Brisbane Rainforest Action & Information Network


More of my favourite Plants

Kenneth McClymont

It would seern that the prediction I made in BRAIN 13 has come true- another article, featuring all the species of a local rainforest plant genus. Last time it was the mighty Canthiums but this time I would like to introduce, another lesser known though quite commonly occurring genus - the cool and charismatic Crotons!!

The genus name Croton is derived from the Greek word 'kroton' - tick, which refers to the resemblance of the seeds of this genus to ticks. There are approximately 750 Croton species worldwide with approximately 23 occurring in Australia (mostly all endemic). The local Crotons range in size from shrubs up to small trees. They have alternate leaves and bear unisexual flowers in racemes (an inflorescence of stalked flowers arranged along a single main axis). Fruit is a two-three celled capsule which splits open when ripe.
The rainforest cornmunities in the Brisbane region contain five described Croton species.

Thick-leaved Croton (Croton acronychioides).

Thick-leaved croton
Thick-leaved croton
The species name is derived from the similarity of the its leaves to those of the Acronychia genus).

This is a tall shrub or small tree to about 12 metres tall recorded from subtropical and dry rainforests from the Richmond River, NSW to Townsville, QLD, Thick-leaved Croton has branchlet ends covered with fine silvery brown scales. It bears racemes of fragrant creamy coloured flowers (June to November) followed by 3 lobed, egg-shaped red-brown capsule fruit (ripe November to February). This plant is usually found as a small understorey tree but can also be found growing on the edge of local rainforest remnants where it attractively displays it's dark green, shiny, slightly toothed foliage.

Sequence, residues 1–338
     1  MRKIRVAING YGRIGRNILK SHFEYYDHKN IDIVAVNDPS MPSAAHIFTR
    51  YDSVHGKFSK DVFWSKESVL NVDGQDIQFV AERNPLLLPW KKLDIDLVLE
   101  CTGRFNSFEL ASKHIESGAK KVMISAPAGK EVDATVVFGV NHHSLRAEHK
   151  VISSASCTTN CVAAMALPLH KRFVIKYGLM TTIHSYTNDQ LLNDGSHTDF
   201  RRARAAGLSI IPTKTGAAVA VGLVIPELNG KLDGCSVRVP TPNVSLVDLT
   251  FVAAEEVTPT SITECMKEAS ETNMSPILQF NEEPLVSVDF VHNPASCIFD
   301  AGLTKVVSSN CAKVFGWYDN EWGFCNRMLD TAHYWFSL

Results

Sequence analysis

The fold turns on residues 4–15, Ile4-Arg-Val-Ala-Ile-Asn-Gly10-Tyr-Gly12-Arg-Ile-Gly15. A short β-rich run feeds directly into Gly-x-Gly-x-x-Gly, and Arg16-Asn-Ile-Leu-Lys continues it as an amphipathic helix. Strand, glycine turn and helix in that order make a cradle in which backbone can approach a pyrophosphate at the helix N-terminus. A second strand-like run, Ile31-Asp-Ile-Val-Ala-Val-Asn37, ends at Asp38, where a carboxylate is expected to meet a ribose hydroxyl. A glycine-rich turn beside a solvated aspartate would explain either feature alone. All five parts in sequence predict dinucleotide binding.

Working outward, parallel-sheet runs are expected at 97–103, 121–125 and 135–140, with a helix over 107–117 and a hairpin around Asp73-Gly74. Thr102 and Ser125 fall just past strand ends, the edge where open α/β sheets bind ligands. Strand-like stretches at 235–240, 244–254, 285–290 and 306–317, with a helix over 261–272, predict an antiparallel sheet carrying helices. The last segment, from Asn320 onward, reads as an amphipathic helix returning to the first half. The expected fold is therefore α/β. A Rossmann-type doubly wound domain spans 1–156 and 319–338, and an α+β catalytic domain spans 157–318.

On our field trips to local scrubs this plant is often encountered and has become known to some of us as the 'banana cake tree' because of the identifying smell released by the crushed leaves. It is interesting to note that Floyd (1989) relates that the crushed leaves have a smell closer to 'fish oil', This plant would probably made an interesting and hardy addition to a home garden if it was commonly propagated.

Silver Croton (Croton insularis)

Silver croton
Silver croton
The species name is a Latin word referring to 'islands' as this plant was originally collected from a number of South Pacific islands.

This is a small tree growing up to about 15 metres tall recorded from subtropical and dry rainforests from the Blue Mountains, NSW to Cape Yorlc, QLD.

Silver Croton has silvery white branchlets covered by brown scales and as with several species of this genus the under leaf surface is also a distinctive silvery white colour. It bears racemes of silvery brown flowers (June to October) followed by silvery grey, globular capsule fruit (ripe November to January). Silver Croton can usually be found growing on the edge of rainforest and is a common small tree in dry rainforest regrowth. In full sun it has a tight, rounded crown with the silvery under leaf contrasting with the odd sprinkling of red/orange old and dying leaves.

Historically the bark of this plant was harvested for production of a distinctive reddish brown dye that was used to colour cotton and woollen fabrics. Interestingly, the injured bark of this plant produces a pleasant aromatic smell which resembles the odour of the West Indian Cascarilla Tonic-a cure all medicine which is extracted from a Caribbean plant closely related to Croton insularis. Another of the common names of Croton insularis is Queensland Cascarilla Bark.

This plant would suit a garden situation as it does not get too big, yet is relatively fast growing and very hardy. A good small shade or screening tree.

Narrow-leaved Croton (Croton phebalioides)

Narrow-leaved croton
Narrow-leaved croton
The species name is derived from the similarity of this plant to plants from the genus Phebalium)